Filling in the gaps of the IMD immune pathway of the kissing bug Rhodnius prolixus

Rhodnius prolixus is a hemathophagous insect that has served for decades as a model to study insect physiology. Rhodnius prolixus is also a major vector of Trypanosoma cruzi, the etiological agent of Chagas disease that kills 45,000 people annually and affects over 8 million people worldwide. The genome of R. prolixus contains ~15,500 predicted protein-coding genes. Many pathways such as the Toll and JAK-STAT pathways were present.

Monitoring cherry postharvest rot and predictive analysis

Postharvest rot of sweet cherry destined for export markets has caused significant economic losses to Okanagan growers. The major fungal pathogens causing rot have not been identified. This project will identify the two major pathogens responsible for postharvest rot in cherry during two growth seasons and characterize them with respect to temperature effects on growth and sensitivity to fungicides. Using DNA-based methods we will track the abundance of the pathogens in the orchard during the growth cycle of cherry, following major rain events and postharvest.

Salmon Early Marine Survival Research Program

Salmon are inarguably one of the most culturally, ecologically, and economically important fish in British Columbia, however, their stocks have been declining since the 1990’s. The Cohen Commission of Enquiry expert panel emphasized that juvenile mortality during the first months at sea was the most likely cause of fishery declines. The two leading agents of mortality are hypothesised to be food availability for growth and pathogen / parasite infection. The Hakai Institute Juvenile Salmon Program is explicitly addressing these two hypotheses.

Assessing bacterial kidney disease resistance in a commercial Atlantic salmon strain

The aim of this project is to determine which families are resistant to bacterial kidney disease, a bacterial infection that affects both wild and farmed Atlantic salmon. To do this many families of Atlantic salmon from a commercial aquaculture company are to be purposefully infected with the bacteria that causes the disease to establish which families have a high rate of survival and which have a low rate of survival.

Testing plant-derived products as biopesticides for plant pathogen management

Like humans and other animals, plants also get sick, exhibit disease symptoms, and even die. Over the past 100 years, farmers have heavily relied upon chemical fertilizers and pesticides in order to increase crop productivity and quality. However, the environmental pollution caused by excessive use and misuse of agrochemicals has led to considerable changes in people’s attitudes towards the use of pesticides in agriculture.

SSI efficacy in treating infectious colitis

Inflammatory bowel disease (IBD) is a disease with unknown etiology that is characterized by uncontrolled intestinal inflammation and microbial dysbiosis. Qu Biologics’ Site Specific Immunomodulators (SSI) are a platform technology shown to improve the status of people living with IBD (Crohn’s disease and ulcerative colitis), with most of those patients showing clinical improvement also going into clinical remission. SSI are a complex biologic designed to reconstitute normal innate immune function through multiple parallel mechanisms.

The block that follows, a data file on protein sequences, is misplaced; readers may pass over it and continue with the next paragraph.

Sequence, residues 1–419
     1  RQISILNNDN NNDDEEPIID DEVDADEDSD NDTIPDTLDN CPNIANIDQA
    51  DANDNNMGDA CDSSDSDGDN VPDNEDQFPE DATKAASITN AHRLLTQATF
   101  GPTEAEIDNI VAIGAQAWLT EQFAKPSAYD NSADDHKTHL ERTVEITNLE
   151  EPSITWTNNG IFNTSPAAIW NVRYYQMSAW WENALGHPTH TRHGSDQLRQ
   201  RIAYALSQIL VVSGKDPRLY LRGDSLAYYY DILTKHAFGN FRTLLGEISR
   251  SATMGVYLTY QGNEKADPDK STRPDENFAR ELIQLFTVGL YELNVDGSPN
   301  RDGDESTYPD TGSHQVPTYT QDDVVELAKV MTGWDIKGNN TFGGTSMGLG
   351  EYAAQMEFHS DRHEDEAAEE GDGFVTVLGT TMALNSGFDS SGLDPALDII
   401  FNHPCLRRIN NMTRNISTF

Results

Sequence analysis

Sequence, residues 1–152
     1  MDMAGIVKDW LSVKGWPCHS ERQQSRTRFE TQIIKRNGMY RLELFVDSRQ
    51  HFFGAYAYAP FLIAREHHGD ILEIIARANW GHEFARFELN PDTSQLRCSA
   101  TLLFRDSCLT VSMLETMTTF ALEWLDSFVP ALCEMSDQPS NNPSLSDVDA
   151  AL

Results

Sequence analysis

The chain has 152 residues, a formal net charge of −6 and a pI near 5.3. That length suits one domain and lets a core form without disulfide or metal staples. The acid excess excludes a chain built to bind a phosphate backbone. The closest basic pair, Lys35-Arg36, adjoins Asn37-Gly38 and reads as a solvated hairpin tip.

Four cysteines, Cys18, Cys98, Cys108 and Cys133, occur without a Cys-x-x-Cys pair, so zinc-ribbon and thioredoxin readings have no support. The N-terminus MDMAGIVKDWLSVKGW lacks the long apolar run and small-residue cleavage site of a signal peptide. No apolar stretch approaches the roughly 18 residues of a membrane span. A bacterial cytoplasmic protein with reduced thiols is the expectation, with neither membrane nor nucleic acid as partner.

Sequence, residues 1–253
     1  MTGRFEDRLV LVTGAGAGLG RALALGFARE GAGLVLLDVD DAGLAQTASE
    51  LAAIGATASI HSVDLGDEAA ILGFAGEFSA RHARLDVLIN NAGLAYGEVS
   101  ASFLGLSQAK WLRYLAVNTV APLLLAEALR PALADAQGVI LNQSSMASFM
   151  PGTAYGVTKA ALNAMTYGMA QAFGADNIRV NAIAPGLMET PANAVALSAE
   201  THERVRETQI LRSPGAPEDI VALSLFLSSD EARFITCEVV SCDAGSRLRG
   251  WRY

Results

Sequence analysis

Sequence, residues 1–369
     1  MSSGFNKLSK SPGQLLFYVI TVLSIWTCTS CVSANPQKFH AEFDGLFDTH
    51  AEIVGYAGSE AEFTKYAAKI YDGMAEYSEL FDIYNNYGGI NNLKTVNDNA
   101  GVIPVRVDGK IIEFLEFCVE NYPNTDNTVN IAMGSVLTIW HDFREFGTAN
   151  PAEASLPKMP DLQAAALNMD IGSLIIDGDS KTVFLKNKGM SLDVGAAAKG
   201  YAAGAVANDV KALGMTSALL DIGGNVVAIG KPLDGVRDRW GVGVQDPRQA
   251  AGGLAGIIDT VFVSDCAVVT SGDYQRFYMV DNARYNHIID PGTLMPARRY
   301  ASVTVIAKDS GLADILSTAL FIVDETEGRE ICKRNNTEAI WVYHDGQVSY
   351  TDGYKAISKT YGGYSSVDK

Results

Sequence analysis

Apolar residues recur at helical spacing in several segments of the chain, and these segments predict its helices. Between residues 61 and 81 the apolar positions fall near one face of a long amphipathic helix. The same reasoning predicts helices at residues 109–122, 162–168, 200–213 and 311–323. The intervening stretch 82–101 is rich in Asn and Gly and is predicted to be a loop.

A One-Health approach to echinococcosis (Echinococcus multilocularis) in client owned dogs in Alberta: force of infection, risk factors, diagnostics, treatments and information

This project aims to determine prevalence rates of Echinococcus species tapeworms in domestic dogs and to compare these rates to those obtained from wild canids including wolves, coyotes, and foxes. This will shed light on infection rates and risk factors for both the human population and their pet dogs. This research will benefit Bayer as they produce many pharmaceuticals that combat Echinococcus infection and believe an increased public awareness of this parasite is important for public health.

Systematic development of novel peptide-derived therapeutics for the treatment of breast cancer

Cancer will affect 2 in every 5 Canadians in their lifetime, with just over 25% representing new breast cancer diagnoses in women. Despite significant progress in the treatment of the most common cancer in women, resistance to chemotherapeutic agents remains a consistent obstacle in terms of the successful treatment of many types of breast cancers. The Mitacs-funded collaboration between NuvoBio and the Biggar lab at Carleton University is seeking to address this issue by systematically designing and developing peptide-based inhibitors that hold the promise as new therapeutics.

Tick vectored disease biobank

Lyme disease is one of the many diseases transmitted by ticks. The rate of these diseases is rapidly increasing in Canada. Diagnosing these diseases is difficult but examination of biopsy, necropsy and autopsy tissue can help to understand the full and varied effects of the disease and ultimately reduce misdiagnoses. Biobanks are required for this type of research.

Harnessing the power of horizontal gene transfer for yeast strain development

Yeast are used on a massive scale in many industrial settings, such as production of food and beverages, nutrient supplements, pharmaceuticals, and others, totaling over $5 billion dollars in annual market value. Most yeasts currently used for industrial purposes are taken directly from nature and not optimized for the specific process requirements of industry. Currently, many tools for strain improvements require genetic modification of organisms, which does not allow for a non-GMO “clean” labeling.

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